Have you ever tried growing perpetual spinach? It grows in the most amazing patterns and has a heady flavor. Many culinary experts consider it a form of green art. Here are some of our favorite ways to cook and serve this succulent classic:
Culinary uses: No cook is going to leave old, green leaves sitting on the stove unattended. The tangy, spicy flavor of perpetual spinach seeds is closer to the flavor of real English spinach than most other types of green leafy vegetable. Young leaves are delicate and delicious raw on sandwiches and salads.
Older leaves can also be roasted and fried or sauteed and served raw. Perpetual seeds need to be sown properly and maintained throughout the season to avoid dormancy and poor harvest. You should always try to sow them as soon as they are bought, but not later than about a week prior to your first use. They will produce a small crop of green leaves during each season. The yield from the entire lot may not be substantial, but each individual plant will provide significant harvests.
Cooking tips: Sprinkle good quality flat salt over the young leaves to add a bit of flavor. Cook the seed in salted water only for a few minutes before adding them to any other ingredients or cooking methods. Use fresh green leaves instead of canned green leaves. For a real treat, sowing endless sets of young and old leaves together and grating them into a fine dust is a popular trick.
Cooking tips: After cooking, drain the seeds and young leaves and keep them aside to dry. They should be stored in a cool dark place such as a refrigerator. Any leftover residue will settle down and block sunlight during the growing season. So look out for sun protection when sowing perennial spinach.
Planting requirements are moderate, except in areas of full sunlight. Occasional watering is required for healthy produce. Mow the grass often to prevent it from grazing and spreading the seeds. Trim the undergrowth after seeding. Prune dead branches regularly to promote new growth.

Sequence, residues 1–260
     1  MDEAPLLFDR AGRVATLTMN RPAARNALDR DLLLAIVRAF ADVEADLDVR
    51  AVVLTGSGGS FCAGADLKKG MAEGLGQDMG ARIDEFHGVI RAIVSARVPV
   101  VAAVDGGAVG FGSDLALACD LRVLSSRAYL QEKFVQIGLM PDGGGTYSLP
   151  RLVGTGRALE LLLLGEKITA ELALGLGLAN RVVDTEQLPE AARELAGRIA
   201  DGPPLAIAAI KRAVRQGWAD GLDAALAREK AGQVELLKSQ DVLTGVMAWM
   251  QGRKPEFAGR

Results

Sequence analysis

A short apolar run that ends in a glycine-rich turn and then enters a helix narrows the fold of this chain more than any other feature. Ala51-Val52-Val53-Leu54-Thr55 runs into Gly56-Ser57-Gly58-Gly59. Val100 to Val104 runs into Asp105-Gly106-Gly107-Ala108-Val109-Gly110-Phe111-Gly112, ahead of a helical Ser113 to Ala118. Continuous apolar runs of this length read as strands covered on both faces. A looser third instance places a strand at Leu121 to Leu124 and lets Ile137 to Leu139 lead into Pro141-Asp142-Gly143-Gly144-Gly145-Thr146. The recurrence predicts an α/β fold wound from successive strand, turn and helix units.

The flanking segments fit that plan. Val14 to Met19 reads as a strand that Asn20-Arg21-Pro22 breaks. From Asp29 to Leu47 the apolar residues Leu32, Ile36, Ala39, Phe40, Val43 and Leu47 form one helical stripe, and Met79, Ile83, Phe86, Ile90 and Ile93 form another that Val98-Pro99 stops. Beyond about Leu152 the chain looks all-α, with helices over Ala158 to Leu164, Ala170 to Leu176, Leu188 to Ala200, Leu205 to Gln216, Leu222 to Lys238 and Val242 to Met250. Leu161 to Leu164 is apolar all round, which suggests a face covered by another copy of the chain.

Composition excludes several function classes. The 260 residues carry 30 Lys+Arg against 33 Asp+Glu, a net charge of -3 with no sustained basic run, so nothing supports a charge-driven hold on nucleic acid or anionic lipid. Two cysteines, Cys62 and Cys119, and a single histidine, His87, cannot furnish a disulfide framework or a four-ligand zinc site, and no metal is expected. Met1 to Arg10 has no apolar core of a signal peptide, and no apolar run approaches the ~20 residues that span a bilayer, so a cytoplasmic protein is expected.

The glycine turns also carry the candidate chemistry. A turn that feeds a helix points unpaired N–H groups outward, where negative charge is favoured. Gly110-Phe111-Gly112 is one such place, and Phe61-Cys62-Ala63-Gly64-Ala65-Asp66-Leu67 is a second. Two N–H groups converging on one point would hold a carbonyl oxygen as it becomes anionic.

Once established, this type of garden plant will provide an abundance of blooms year-round. Maintaining them is easy as there is very little maintenance required except for removing dead leaves at the correct times. The most important step is selecting the correct planting location.
Seeds should be sowed at least two to three feet deep. Young plants need more room and are encouraged to take up as much room as they need. The best places to plant are in full sun, as the leaves start to get bigger, and at an angle to the soil. Avoid planting in shady areas, as the soil may dry. Perpetual spinach grows best in full sunlight.
When the seeds are ready to be planted, dig a hole that is one to two feet deep. Plant seeds just ahead of the hole, in a thin layer. After planting, water the plants well to promote healthy growth.
Harvest once a month. The tops of the plants will have green leaves. Allow the leaves to wither and fall off before picking. Do not eat the seeds.
Remove the seeds from the plant, wash them in running water and place them in a food storage bag. Store them in a cool, dark spot until next spring. Use a sharp knife to remove any residual dust. Perpetual spinach will keep producing seeds through the winter months.
If the weather is too cold, store the seeds in a plastic zipper bag and store in the refrigerator. They will remain viable until March. Be sure to use the same bag each time. The seeds can be used in springtime for another variety of summer vegetables.